“Dr. Jackson?” Hammond enquired.

“Jack and I going to the planet to prevent the NID getting their hands on alien technology,” the archaeologist replied. “Since anything we bring back just goes right to them anyhow.”

“I understand how you feel, son, but at this moment in time there’s absolutely nothing I can do!” Hammond told him.

“Sounds familiar,” Daniel replied, the expression one that showed a sincere lack of respect.

“What’s that supposed to mean?” Hammond snapped.

“It means that as soon as it suits him, the President switches sides.  Are we really doing this to attain weapons to use against the Goa’uld?  Or is it to make us superior to anyone else on this planet?” Jackson charged.

Hammond found room for an ironic smile.  “I see your point!” he remarked.


Jack unclipped his tie, loosened the top button of his shirt, and unfastened the ones on his jacket.  He sat on the Grecian bench, close to the goddess; she’d imparted very little information, and seemed far more intent on talking about him.

Her image was aesthetically pleasing, captivating his attention, and for some reason he felt content just to be with her.

 ‘Learn, here is the arc upon which you must discover the inner self.  Freedom is the reward,’ Fre’uana’s voice resonated softly through his mind. ‘Do not fear that which you deceive yourself with, darkness is its own master.’

 “You are thinking?” she asked, a smile crossing her features.

 “Oh it happens,” Jack replied, ignoring the voices of the Sengo’lians who seemed intent on him casting off his duty.  “So, gonna tell me how you defeated the Goa’uld?  And saved these folks?”

 “Defeated the Goa’uld?” she repeated. “You believe they were the enemy?”

 “Well that’s usually who the false gods are yeah!” Jack replied dubiously.  “Have someone else in mind?”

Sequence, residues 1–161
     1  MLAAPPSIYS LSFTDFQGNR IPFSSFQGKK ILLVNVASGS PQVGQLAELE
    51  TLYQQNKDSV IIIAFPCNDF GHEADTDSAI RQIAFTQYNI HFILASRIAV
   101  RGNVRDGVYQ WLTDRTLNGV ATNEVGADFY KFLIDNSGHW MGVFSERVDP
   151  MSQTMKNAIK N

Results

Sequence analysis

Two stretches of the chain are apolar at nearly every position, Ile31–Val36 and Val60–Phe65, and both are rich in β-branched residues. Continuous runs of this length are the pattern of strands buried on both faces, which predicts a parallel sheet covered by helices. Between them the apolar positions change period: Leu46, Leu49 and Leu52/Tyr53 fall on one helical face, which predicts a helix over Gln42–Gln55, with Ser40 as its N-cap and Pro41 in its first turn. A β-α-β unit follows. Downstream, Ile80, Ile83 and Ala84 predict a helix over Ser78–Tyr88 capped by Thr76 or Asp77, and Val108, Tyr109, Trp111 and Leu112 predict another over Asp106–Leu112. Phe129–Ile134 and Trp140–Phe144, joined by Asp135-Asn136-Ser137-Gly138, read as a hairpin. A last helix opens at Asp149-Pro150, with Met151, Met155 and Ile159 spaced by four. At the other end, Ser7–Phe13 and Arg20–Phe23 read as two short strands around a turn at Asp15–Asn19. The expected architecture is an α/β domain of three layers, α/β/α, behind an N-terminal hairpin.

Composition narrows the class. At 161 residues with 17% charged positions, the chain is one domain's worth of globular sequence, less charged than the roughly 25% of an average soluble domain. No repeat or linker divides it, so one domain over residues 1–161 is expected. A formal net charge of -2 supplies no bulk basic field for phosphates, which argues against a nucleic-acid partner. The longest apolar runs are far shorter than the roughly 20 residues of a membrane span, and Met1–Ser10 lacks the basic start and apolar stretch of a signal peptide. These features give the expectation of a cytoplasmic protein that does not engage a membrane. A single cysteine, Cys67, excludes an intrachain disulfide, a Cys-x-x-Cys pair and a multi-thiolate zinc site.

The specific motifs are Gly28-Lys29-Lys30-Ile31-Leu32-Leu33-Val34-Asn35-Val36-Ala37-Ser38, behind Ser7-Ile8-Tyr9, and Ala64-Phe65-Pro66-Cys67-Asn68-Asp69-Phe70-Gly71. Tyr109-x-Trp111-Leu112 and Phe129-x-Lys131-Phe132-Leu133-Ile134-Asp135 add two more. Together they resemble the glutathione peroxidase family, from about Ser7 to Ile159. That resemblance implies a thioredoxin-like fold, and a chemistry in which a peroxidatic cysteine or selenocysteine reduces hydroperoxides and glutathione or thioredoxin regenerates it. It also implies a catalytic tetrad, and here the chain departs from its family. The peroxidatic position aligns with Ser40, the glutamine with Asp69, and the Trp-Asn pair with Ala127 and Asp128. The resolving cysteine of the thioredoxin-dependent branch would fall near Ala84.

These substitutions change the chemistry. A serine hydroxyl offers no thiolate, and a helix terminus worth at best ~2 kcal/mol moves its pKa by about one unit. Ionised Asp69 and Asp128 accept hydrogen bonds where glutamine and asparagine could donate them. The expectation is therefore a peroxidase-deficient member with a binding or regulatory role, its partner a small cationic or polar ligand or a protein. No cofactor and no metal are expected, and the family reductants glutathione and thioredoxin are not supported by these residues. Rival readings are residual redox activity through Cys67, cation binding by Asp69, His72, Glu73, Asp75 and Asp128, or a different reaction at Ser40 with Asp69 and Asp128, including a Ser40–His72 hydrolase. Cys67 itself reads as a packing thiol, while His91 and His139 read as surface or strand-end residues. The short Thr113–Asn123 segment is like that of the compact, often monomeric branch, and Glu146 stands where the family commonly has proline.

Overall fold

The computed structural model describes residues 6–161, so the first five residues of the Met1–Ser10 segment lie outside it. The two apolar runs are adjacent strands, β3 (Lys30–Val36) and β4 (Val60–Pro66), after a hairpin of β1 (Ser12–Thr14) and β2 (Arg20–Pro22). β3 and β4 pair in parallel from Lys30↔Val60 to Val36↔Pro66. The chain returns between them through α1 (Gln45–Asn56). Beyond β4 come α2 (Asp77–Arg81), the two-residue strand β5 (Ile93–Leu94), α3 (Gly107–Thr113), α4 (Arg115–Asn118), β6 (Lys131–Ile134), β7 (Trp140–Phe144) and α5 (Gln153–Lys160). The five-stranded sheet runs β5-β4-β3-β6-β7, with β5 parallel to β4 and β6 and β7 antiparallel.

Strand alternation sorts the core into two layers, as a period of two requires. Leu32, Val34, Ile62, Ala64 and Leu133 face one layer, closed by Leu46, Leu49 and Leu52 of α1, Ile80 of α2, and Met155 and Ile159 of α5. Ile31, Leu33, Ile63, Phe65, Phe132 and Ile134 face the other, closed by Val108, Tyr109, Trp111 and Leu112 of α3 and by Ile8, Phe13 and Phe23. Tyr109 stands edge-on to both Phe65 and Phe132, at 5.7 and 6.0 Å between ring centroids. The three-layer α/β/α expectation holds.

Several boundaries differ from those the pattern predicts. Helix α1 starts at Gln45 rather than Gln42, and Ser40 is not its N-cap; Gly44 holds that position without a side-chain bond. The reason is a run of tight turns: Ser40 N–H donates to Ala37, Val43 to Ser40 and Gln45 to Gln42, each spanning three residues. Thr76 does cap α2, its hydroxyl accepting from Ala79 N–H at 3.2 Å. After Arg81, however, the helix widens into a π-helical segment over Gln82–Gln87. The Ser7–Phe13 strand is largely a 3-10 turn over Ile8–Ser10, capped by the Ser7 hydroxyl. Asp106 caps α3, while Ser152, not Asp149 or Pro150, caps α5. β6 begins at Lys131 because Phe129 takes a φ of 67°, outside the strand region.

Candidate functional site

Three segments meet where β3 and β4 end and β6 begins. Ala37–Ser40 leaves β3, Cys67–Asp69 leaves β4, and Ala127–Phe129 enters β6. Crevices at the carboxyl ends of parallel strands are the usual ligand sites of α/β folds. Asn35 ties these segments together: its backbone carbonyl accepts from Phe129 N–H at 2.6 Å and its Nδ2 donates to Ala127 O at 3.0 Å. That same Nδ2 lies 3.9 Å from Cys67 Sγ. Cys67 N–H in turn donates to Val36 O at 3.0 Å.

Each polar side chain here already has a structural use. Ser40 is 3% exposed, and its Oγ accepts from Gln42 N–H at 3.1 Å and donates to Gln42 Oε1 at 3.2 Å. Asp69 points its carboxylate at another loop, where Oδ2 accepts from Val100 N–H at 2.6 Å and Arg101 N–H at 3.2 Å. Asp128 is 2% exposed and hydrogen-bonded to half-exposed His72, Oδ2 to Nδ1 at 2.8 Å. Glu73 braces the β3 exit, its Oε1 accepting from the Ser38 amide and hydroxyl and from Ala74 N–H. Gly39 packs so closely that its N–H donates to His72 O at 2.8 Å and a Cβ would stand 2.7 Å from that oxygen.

She moved toward him, her hand caressing his face. “There are many things I could teach you.  Many things we could share,” she spoke softly.

Jack’s eyes widened slightly, uncomfortable with the contact yet excited by it, almost in the same way he had been by Hathor. Forces within him controlled urges he had no desire to explore, at least that was what the common-sense side of his mind was telling him.

‘Fear that darkness, and it shall destroy you,’ Fre’uana told him. ‘Learn Ha’dai is this the true nature?’

‘This is nuts!’ he protested. ‘I can’t do this.’

‘Freedom is the reward.’ 

Jack’s posture changed, he sat more alert, his shoulders raised and pushed back, a more domineering regard settled across his features.

“Something you want?” he asked, there was a silken sound to his voice now, his eyes ablaze with an evil intent, and a strange blue glow emanating from the pupils.  His hand wrapped around her wrist, twisting it violently. “Because I know there’s something I want!”


The woman’s eyes glowed. “Then you will know with whom you desire this union!” she snarled in that familiar sound of a symbiote.

 “You think for one minute I didn’t know who you are?” he retorted, the grip tightening, his eyes filled with the pernicious glow he’d unleashed in his mind. “Osiris.”

The Goa’uld seemed taken aback, staring at him, seeing more devastation and destruction in those slowly darkening eyes than he, Osiris, could feel in his mind, as the blue light that had danced in that gaze faded into terminal black the former system lord saw into the soul of this formidable human, a smile slowly crossing the host’s face.

“We shall destroy any that dare walk in our shadow,” she hissed.

Malevolence in its purest form settled steady on O’Neill’s face. “Starting with that little gift we sent back to Earth!” he agreed. 




Sam walked through the corridor toward Hammond’s office; the general had unusually failed to greet them upon their return from P3R 272.  Knocking on the general’s door, she waited for the invite.